July 01, 2006
If you ask beginner gymnasts what skill they most want to learn, the most common answer is “a back handspring.” It is a visually impressive skill and is frequently used in performance arts and in movies. It is a functionally powerful movement and helps develop strength, power, and agility. Learning to do a back handspring properly and safely also requires individuals to overcome fear and override many reflexive instincts. Overcoming these obstacles is a valuable skill in itself—one that carries into other aspects of training—and life.
Fear is a significant factor in learning a back handspring. The fear response is a good thing. Executed improperly or without appropriate progressions, an attempted back handspring can lead to serious injury. Follow all steps correctly and thoroughly. Ensure that you have the right equipment (including mats and pads) and spotting for each of the stages.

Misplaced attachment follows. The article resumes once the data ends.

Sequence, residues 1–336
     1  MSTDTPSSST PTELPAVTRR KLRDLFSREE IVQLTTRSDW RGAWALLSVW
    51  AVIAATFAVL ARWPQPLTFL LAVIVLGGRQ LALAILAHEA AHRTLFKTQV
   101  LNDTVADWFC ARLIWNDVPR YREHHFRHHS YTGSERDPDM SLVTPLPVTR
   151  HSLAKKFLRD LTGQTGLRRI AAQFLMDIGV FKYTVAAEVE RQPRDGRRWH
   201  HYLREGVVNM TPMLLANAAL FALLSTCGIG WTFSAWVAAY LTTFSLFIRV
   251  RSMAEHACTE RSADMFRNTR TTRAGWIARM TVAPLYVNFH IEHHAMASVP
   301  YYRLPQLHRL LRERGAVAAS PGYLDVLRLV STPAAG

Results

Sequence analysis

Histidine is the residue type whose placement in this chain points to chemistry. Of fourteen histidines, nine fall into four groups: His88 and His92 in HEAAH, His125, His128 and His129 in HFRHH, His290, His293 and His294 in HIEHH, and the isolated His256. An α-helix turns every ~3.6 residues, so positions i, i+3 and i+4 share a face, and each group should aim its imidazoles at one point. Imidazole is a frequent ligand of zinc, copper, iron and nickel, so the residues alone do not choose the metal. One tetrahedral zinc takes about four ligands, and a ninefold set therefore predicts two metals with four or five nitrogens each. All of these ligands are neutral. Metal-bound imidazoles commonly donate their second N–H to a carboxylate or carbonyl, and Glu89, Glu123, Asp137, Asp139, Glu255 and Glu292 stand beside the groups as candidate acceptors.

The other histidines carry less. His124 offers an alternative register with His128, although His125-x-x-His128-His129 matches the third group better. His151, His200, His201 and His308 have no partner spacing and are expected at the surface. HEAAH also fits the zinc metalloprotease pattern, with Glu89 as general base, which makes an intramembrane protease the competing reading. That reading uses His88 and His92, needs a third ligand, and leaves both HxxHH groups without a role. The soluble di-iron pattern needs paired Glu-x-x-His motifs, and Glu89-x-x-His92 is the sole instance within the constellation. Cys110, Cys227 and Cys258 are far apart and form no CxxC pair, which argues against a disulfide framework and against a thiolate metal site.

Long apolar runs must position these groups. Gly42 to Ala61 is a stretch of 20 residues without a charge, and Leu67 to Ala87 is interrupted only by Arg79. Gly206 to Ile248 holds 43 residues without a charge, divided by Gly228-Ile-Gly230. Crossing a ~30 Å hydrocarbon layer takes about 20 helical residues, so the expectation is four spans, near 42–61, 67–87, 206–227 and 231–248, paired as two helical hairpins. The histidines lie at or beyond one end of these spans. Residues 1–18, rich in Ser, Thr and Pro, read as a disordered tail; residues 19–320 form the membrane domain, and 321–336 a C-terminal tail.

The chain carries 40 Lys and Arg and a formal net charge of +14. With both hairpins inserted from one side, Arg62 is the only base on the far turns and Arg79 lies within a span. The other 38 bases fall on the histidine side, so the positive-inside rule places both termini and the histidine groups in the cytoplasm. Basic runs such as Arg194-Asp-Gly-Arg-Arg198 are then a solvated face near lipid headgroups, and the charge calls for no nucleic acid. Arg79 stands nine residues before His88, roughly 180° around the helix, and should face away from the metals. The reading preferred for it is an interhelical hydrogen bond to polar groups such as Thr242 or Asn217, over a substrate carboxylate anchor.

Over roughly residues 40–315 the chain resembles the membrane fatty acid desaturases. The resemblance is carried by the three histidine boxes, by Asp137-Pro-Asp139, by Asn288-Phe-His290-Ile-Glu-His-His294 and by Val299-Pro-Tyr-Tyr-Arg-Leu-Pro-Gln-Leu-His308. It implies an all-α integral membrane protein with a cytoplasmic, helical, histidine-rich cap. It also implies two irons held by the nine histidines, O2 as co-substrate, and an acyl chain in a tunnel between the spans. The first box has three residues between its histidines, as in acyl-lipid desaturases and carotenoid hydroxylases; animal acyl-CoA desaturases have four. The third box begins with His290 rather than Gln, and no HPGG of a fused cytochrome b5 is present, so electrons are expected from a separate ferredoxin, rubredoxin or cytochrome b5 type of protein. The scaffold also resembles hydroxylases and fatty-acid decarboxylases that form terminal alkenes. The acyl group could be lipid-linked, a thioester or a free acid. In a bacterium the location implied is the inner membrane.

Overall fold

The first step in learning a back handspring is learning how to sit back properly. The main direction of the back handspring is backward, not upward. This is somewhat counterintuitive, and you must learn how to sit back properly so your jump travels backward. Find a stack of mats that is just below hip height. Stand facing away from the mats with your heels about two feet away from them. From this position, sit back and jump backward onto the mats. You should try to travel as far across the mat as possible leading with your hands. During the sit, your torso and lower leg should remain vertical. You must bend at the hip and the knee so that your hips track well behind your knees, and your knees stay directly above, or just behind your feet.